While the above-mentioned neurological issues are the most common causes of knuckling, certain less-common diseases can also lead to this symptom:

  • Neurological tumors: Tumors affecting the brain or spinal cord can disrupt normal nerve signaling and cause knuckling. If there is a brain tumor, other potential signs include seizures, behavioral change, and circling may be present.
  • Metronidazole toxicity: While rare, very high doses of the antibiotic metronidazole can cause neurological side effects, including weakness, incoordination, and knuckling. These symptoms usually improve when the medication is stopped.
  • Vestibular disease: Vestibular disease affects the inner ear and balance centers in the brain. While vestibular disease more commonly causes head tilt, loss of balance, and circling, severe cases can sometimes lead to incoordination that manifests as knuckling.

If your dog is knuckling, please contact your vet immediately for an assessment. While neurological causes are the most concerning, it's important to rule out all potential underlying health concerns.

Treatment options for a dog who is knuckling

While the primary focus is to diagnose and treat the specific cause of your dog's knuckling, there are several things you can do to manage the symptom and help your dog maintain a better quality of life:

Safe flooring

Provide surfaces with good traction to help your dog walk more confidently and prevent slipping. Rubber mats, non-slip rugs, and carpet runners can be helpful.

Pain control and anti-inflammatories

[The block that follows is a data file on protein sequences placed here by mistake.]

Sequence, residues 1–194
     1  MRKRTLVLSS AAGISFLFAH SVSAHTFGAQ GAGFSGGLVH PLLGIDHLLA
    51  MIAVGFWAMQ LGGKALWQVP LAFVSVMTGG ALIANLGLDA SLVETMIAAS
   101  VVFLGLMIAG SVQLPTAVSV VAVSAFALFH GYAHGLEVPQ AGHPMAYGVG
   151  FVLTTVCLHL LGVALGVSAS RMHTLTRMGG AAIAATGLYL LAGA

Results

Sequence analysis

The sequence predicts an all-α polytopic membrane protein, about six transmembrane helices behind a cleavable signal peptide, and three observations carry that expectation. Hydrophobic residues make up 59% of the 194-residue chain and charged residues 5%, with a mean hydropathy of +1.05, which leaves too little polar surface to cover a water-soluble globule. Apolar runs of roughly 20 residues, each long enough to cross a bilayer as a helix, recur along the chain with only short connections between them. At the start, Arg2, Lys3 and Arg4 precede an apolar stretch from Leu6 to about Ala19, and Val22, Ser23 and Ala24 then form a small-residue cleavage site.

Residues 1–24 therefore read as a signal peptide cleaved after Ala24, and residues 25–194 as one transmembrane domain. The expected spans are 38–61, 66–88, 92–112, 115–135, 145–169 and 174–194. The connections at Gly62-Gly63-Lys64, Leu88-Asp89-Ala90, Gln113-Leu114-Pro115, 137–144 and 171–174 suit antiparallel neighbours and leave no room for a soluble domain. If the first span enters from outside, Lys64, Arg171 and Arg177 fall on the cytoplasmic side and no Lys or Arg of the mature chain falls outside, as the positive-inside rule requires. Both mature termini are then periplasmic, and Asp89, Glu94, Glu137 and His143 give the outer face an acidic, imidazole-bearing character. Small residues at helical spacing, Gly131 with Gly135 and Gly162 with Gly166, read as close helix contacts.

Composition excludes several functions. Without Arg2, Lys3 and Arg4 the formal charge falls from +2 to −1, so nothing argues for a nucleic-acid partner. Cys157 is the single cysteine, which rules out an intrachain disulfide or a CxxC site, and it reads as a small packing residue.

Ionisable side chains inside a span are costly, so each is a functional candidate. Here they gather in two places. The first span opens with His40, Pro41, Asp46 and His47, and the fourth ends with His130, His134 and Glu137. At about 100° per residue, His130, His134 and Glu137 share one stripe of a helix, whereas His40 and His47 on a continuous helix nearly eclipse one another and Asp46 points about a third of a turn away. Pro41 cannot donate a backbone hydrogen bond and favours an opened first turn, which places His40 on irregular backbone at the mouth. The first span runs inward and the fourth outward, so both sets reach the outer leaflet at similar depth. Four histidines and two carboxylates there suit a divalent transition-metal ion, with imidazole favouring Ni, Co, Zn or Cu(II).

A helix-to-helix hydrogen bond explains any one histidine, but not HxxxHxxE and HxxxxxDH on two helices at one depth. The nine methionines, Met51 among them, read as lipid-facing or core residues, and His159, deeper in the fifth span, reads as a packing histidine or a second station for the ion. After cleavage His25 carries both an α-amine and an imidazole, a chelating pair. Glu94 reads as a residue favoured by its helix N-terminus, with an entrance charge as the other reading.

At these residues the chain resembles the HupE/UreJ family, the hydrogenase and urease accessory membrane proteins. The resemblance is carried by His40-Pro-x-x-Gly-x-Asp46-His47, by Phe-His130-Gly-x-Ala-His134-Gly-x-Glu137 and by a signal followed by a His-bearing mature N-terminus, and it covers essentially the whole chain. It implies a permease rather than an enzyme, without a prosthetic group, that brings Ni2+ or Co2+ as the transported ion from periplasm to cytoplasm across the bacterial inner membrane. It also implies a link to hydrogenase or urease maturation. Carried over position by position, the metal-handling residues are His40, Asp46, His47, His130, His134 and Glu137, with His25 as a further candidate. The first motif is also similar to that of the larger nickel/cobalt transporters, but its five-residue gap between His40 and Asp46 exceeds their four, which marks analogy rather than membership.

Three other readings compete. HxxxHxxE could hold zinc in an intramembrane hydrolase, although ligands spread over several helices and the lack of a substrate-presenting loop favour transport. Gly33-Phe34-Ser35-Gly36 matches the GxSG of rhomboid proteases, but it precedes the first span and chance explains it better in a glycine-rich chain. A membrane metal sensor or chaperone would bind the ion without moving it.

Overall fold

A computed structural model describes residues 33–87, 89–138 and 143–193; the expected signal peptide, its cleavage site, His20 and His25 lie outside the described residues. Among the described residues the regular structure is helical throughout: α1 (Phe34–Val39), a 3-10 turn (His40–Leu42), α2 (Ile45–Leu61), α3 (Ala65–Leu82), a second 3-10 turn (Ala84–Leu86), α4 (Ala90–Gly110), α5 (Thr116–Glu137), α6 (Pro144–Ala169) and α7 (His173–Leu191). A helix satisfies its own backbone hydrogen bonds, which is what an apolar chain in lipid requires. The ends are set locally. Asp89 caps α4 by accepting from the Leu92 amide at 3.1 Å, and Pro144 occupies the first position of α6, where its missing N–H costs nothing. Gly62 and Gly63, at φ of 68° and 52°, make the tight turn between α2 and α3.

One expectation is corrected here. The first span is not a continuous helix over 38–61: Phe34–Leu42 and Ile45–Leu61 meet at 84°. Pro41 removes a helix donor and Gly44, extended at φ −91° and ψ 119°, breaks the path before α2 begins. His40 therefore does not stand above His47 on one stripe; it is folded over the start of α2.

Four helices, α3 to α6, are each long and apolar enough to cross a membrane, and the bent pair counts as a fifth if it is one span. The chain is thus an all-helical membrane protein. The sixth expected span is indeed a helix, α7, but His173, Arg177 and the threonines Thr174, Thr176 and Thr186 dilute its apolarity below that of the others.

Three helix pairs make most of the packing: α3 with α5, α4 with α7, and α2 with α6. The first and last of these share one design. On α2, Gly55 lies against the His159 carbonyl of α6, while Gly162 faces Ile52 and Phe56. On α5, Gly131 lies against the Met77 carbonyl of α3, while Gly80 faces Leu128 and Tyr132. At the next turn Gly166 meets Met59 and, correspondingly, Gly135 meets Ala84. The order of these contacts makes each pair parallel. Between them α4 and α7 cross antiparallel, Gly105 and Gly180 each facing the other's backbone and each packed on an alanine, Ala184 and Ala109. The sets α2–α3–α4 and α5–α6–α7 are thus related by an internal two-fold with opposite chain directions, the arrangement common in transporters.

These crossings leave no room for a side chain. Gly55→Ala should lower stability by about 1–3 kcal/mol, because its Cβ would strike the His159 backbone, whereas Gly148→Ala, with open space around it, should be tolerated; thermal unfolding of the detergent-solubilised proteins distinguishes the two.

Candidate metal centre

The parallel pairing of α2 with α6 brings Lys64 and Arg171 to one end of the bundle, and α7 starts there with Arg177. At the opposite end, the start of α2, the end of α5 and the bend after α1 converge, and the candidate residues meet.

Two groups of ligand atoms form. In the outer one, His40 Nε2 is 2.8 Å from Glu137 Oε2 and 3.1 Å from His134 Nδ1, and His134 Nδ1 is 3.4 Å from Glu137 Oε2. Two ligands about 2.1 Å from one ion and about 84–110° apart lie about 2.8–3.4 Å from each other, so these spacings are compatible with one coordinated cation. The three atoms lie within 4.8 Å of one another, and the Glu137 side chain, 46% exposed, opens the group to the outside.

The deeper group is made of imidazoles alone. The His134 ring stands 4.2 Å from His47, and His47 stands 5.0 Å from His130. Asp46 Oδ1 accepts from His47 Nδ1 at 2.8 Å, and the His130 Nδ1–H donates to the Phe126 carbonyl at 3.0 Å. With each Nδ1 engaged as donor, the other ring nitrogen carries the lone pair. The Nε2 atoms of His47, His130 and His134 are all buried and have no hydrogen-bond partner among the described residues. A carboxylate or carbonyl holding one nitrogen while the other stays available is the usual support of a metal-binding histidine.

Your vet might recommend anti-inflammatory medications or pain relief based on your dog's individual needs. This can be especially important for conditions like arthritis, injuries, or after surgical procedures.

Physical therapy

A qualified veterinary physiotherapist can design a personalized exercise and rehabilitation program to help your dog regain strength, and coordination, and improve their gait. This can be beneficial for a variety of causes of knuckling.

Assistive devices

Depending on your dog's specific needs, your vet might recommend assistive devices like a sling or harness to help support and stabilize their hind legs.

  • Braces and orthotics: For dogs with partial strength or recovering from injury, custom-fitted braces can provide support and correct paw positioning.
  • Harnesses and slings: Can help with mobility and lifting dogs with significant weakness, particularly after an injury or surgery.
  • Carts and wheelchairs: These offer independence for dogs with paralysis or significant weakness in multiple legs.
  • Protect the paws: Dogs who knuckle are prone to dragging and injuring their paws. Consider protective booties or keeping their nails trimmed to minimize skin damage. Inspect their paws regularly for any scrapes or injuries.

I hope this article was helpful in understanding the causes and treatment options for knuckling in dogs. Remember, early intervention can greatly improve your dog's quality of life and prevent further progression of this condition. If you notice your dog knuckling every step they take, it's vital to act quickly. With proper care and treatment, your dog has the potential to regain strength and mobility in their hind legs. Remember always to call your vet if you are concerned about the health of your pets.